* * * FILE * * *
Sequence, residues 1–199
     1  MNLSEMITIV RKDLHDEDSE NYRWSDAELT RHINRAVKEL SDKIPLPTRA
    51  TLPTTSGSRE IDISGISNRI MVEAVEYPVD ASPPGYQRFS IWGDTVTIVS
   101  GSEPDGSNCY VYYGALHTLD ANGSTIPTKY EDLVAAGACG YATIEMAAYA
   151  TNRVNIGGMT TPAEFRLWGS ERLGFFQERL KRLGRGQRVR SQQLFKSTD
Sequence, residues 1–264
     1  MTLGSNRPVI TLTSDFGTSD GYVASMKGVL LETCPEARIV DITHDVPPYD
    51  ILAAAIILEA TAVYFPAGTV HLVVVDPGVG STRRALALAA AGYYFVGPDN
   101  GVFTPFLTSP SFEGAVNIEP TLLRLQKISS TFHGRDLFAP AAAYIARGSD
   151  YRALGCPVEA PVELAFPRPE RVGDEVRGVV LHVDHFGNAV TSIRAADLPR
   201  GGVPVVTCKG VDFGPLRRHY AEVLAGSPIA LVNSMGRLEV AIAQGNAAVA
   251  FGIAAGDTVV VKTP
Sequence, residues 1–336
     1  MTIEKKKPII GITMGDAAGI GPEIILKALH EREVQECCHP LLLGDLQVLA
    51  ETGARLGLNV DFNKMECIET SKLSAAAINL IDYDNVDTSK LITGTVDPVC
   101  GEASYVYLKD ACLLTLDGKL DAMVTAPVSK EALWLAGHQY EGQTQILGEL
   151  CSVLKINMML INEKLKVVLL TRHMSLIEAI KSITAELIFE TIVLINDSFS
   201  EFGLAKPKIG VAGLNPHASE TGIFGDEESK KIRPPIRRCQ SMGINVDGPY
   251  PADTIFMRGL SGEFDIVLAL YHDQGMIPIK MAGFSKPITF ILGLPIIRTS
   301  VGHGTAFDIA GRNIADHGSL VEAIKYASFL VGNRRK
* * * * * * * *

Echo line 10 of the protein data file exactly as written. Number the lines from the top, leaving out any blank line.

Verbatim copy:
   151  YRALGCPVEA PVELAFPRPE RVGDEVRGVV LHVDHFGNAV TSIRAADLPR